Lets assume you have a decent computer but no extra money whatsoever to spend on software. You might be surprised to learn that you can potentially create a CG short by legally gathering every piece of CG and filmmaking software you might need without spending a penny! If you are using a Windows operating system, try for a piece of fully-functional CG software you can download absolutely free. Windows users can also download GIMP from, which can be used for background and texture painting. And Windows XP users can use the bundled Movie Maker package as a surprisingly robust non-linear editing software solution. Some software packages are available in trial form, meaning they will expire after 30 days or so. If your production cycle is short enough, you might be able to get sufficient use out of such promotions. An example of a fairly substantial CG short that was created almost exclusively using free software is Eddy Moussas 15-minute science fiction tale, Out of Memory (see Figure 14). For more information on his production process, peruse his website at

[Figure 15] Once you have completed a preliminary cost estimate, you can bid your proposed production budget to yourself and then respond accordingly.

How Much Will Your Film Cost?

When a studio is asked to bid on a project, they will examine and sum up the costs of each production step and then provide their prospective client with a fairly accurate total estimate on how much they will charge for their services. Then, of course, the client can accept the bid, negotiate or simply turn it down. Similarly, you can examine the potential cost of each step along your planned production pipeline and then bid this estimate to yourself (see Figure 15). Once youve seen this preliminary dollar figure, you can tell yourself, Okay, that sounds good. Lets get started. Or maybe, Hmmthats a bit pricey. Lets see where we can nip and tuck. Or perhaps, Are you insane? I cant afford that!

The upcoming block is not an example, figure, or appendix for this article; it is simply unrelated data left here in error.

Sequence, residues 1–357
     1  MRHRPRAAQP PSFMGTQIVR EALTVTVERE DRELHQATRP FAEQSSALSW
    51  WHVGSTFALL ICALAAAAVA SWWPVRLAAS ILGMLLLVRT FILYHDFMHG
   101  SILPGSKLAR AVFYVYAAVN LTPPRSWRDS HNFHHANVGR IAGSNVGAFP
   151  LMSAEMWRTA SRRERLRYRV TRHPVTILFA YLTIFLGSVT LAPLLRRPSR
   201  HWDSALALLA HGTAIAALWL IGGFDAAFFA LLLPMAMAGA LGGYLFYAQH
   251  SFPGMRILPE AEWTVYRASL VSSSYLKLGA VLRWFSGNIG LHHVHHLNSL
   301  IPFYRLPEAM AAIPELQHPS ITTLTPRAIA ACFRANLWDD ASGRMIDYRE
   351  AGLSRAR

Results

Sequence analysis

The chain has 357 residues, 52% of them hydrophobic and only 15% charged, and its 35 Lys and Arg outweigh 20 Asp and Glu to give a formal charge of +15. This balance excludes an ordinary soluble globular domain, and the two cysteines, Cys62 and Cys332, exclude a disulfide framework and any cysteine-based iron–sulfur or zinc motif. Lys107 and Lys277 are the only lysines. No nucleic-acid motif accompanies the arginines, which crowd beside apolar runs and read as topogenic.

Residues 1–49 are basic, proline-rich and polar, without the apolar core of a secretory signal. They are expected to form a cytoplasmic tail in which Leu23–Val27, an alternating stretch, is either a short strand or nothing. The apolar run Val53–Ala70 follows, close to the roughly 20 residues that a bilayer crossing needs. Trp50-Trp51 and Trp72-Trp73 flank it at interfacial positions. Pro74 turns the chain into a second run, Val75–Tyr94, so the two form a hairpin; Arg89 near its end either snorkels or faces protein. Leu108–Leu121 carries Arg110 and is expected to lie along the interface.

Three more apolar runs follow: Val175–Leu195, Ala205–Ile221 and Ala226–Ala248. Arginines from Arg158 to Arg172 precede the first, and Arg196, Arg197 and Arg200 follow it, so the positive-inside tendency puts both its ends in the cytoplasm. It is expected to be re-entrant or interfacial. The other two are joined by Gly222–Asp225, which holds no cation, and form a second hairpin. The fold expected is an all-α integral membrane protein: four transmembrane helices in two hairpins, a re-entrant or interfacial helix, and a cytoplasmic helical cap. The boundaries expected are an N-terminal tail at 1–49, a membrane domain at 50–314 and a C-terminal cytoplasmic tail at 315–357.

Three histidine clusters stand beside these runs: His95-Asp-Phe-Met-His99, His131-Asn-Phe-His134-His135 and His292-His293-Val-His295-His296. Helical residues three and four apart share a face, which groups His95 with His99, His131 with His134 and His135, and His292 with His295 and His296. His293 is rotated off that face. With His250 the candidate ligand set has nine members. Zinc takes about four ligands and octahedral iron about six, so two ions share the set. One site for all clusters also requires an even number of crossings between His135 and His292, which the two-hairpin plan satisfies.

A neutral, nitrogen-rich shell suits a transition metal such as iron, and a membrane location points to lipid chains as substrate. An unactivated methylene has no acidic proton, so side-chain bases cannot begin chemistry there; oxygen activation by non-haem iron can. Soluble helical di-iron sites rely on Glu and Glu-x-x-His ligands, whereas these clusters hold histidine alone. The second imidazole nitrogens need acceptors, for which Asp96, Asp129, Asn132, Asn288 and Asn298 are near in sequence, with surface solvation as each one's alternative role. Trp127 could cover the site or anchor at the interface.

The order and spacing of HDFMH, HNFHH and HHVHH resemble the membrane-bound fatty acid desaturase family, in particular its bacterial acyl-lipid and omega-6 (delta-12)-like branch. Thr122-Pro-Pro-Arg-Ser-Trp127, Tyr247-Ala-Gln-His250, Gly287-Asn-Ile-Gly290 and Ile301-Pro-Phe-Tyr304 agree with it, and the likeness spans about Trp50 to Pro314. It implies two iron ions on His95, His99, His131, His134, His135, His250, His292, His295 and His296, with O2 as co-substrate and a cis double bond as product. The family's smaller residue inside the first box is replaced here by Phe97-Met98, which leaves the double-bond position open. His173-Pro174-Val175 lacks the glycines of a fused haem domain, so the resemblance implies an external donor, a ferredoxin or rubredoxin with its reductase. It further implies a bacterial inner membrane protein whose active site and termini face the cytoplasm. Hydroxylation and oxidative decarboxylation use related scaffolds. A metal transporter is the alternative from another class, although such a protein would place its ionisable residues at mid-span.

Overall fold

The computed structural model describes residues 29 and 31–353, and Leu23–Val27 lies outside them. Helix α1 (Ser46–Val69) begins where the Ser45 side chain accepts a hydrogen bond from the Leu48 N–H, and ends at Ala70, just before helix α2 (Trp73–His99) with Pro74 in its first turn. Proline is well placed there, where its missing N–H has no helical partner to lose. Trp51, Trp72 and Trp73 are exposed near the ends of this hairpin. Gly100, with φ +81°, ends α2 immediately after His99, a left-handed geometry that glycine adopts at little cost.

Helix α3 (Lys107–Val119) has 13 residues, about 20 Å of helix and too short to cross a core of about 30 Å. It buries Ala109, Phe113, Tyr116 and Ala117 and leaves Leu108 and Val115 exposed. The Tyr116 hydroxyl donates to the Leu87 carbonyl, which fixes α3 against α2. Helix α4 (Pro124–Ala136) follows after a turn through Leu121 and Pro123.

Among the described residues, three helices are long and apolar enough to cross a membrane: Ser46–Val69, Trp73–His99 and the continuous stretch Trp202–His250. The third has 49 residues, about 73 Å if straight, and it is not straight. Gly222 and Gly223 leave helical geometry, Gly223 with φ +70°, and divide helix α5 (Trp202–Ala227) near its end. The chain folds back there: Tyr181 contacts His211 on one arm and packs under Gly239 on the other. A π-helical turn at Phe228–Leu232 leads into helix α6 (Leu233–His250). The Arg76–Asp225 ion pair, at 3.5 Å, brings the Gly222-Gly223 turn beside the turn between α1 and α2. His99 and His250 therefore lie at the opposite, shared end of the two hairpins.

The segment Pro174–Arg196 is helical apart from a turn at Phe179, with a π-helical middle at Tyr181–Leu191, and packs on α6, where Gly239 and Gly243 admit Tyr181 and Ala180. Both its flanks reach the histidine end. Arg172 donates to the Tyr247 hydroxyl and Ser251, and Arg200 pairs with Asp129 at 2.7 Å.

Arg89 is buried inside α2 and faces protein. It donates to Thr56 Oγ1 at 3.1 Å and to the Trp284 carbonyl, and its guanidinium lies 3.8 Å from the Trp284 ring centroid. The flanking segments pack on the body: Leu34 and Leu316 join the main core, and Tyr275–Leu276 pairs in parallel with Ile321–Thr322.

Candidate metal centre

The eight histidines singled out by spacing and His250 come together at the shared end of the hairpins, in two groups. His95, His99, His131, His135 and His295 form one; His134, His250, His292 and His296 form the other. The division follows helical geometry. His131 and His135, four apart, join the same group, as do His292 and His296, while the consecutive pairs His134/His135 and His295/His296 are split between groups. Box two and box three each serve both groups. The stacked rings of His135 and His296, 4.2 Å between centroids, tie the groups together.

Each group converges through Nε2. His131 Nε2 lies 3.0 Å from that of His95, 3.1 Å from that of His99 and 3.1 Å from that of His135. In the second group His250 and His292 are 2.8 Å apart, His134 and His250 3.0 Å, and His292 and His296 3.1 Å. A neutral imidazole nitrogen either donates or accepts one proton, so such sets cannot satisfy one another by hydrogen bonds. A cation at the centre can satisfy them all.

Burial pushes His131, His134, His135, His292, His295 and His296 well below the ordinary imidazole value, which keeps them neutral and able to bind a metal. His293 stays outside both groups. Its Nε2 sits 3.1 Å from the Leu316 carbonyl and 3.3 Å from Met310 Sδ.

Unless money is no object, which is rarely the case, it is important that you come up with a fairly accurate initial cost estimate for your production pipeline so you can make any necessary cost-reducing adjustments to the scope of your intended film before production begins. Examine each step along your digital pipeline and figure out which of the six previously listed production costs will apply and how. Then sum it all up, add a bit of padding and see where you stand.

Lets assume you will follow our overall pipeline proposal and youve already completed your early development phase. Analyze how you will accomplish each production task to determine cost.

  • Dialogue. Can you get away without it? Where will your voice actors come from? Are they free? What hardware do you need for recording purposes? What software will you need to process your audio files? Does your CG package handle sounds sufficiently so you wont need any additional editing software?

  • 2D animatic. If you drew your storyboards on paper or photographed them, youll need a scanner or a digital camera to bring them into your computer. What software will you use to assemble your animatic? Something inexpensive, such as QuickTime Pro ($30), or will you need the additional functionality of a package, such as Premiere ($600) or Final Cut Pro ($1,000)?

  • 3D animatic. What software will you use? Will you need fully rigged characters or simple stand-in models that you will refine later?